The young man decided to visit his friend. At his friend’s place, he expressed disappointment in his inability to give his family the best life they desire. He believes his friend (the teacher) is free because he is not yet married, so no one can urge him to do what he does not wish. He wanted his friend’s freedom, as he was tired of his wife and mother-in-law’s condemnation of his stance against corrupt practices.
In the book, he admits, “Yes, I feel like a criminal.”I frequently think of something unexpected I could do to redeem myself in their eyes these days. Then I sit down and ask myself what I have done wrong, and there is nothing.” “You have not done what everyone else is doing,” the naked man replied, “and in this world, that is one of the crimes.”
Society expects specific behaviour from us, and anyone who deviates from the expected norm is regarded as arrogant or ignorant. Many people have been pressured into moral corruption due to peer influence and societal expectations.
Later in the novel, the young man’s household is visited by Joseph Koomsoon and his wife, Estella; the meeting reveals the gulf of class segregation as Koomson’s wife expresses dissatisfaction with every dish she was served, while the honourable Minister, Koomsoon, had to reluctantly use the low-income family’s toilet to avoid embarrassing them. Koomsoon made some promises before leaving.
On his way to work, the young man hears of a coup but refuses to join others in the demonstration because he believes nothing will change except the continuation of corrupt practices. This explains why many people still need to be convinced to vote during elections. They believe everything will stay the same whether they vote or not.
The narratives from the young man’s days in the novel have not yet changed in the current dispensation. The young man gets home to find the minister, Koomsoon, hiding in the dark like a scared kid in one corner of their room. He was to pay with his life as there had been a coup, but he escaped from the soldiers searching for him through the toilet, with all the faeces and sanitary pads over his body.
He was able to escape to the boatman’s house unnoticed. His escape, however, was not without an agreement and a bribe of a few Cedis at the gate where the boat would ferry the minister abroad. This explains that every corrupt person has a payday, whether influential or not.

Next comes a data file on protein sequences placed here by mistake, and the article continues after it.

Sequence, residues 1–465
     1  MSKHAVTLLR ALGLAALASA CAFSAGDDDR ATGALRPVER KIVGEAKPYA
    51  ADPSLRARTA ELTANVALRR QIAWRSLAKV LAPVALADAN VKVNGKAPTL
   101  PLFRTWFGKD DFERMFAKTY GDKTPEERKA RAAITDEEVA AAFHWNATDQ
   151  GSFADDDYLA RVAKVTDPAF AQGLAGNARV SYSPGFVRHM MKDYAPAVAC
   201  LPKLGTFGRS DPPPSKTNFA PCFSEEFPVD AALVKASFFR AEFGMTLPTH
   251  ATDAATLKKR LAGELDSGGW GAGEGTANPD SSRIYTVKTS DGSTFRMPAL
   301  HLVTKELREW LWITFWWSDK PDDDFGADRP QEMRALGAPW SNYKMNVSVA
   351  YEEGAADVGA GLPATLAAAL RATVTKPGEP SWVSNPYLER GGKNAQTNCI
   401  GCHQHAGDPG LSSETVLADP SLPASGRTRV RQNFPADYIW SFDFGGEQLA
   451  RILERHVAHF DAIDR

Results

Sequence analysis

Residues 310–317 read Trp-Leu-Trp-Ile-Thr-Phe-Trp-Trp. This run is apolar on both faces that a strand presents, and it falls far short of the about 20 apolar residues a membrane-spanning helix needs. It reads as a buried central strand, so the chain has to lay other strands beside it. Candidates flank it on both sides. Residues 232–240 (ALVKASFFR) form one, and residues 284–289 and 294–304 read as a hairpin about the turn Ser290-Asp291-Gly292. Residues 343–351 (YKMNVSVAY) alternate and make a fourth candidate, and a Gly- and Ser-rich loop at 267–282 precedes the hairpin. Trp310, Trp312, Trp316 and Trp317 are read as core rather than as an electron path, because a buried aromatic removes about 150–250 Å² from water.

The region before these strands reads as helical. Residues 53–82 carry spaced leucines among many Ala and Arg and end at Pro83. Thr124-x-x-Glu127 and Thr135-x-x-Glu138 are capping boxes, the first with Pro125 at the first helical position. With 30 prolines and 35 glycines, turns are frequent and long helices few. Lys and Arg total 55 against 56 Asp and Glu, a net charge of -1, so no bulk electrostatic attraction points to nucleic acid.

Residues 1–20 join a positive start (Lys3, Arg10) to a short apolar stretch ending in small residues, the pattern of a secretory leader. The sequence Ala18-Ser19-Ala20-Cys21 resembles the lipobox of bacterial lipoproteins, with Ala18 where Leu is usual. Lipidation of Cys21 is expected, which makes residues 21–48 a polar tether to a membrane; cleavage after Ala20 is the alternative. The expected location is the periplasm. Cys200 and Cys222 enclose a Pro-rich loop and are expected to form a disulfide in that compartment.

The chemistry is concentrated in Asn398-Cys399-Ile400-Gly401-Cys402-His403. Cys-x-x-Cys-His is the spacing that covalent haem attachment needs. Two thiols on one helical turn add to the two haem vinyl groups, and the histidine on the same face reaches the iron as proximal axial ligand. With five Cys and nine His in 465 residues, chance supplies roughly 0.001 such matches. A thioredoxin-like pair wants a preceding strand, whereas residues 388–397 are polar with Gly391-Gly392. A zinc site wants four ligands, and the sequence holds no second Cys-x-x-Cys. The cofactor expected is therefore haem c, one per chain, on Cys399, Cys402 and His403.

While corruption remains a perennial issue, efforts must be made to remedy the situation. The 10th edition of the Global Corruption Barometer (GCB)—Africa has revealed that, while most people in Africa feel corruption has increased in their country, most citizens also feel optimistic that they can make a difference in the fight against corruption.
It takes a collaborative effort for corruption to be tackled on the continent. We all have a unique role in fighting corruption; corrupt practices are found at the highest level of government and in our daily dispositions toward one another. Maintaining our integrity, even in the heat of the moment, is core to tackling corruption on our continent.
While only some countries, such as Rwanda and Ethiopia, have appeared to be on the path of redemption, it is still bothersome that elements of corrupt practices are on the increase. A typical example is the sudden and increasing disappearance of opposition leaders and voices.
Transparency International has, however highlighted some recommendations that African leaders could take a cue from to tackle corruption, and they include ratifying, implementing, and reporting on the African Union Convention to Prevent and Combat Corruption (AUCPCC); investigating, prosecuting, and sanctioning all reported cases of corruption, with no exception; developing minimum standards and guidelines for ethical procurement; adopting open contracting practices, which make data more transparent and easier to analyse; collecting citizen complaints and strengthening whistleblower protections; and enabling the media and civil society to hold governments accountable.
Africa as a continent needs to take its rightful place in the governance scheme around the world, and this cannot be achieved with the level of political willingness currently exhibited. We all need to take the bull by the horns for a radical change to be completed.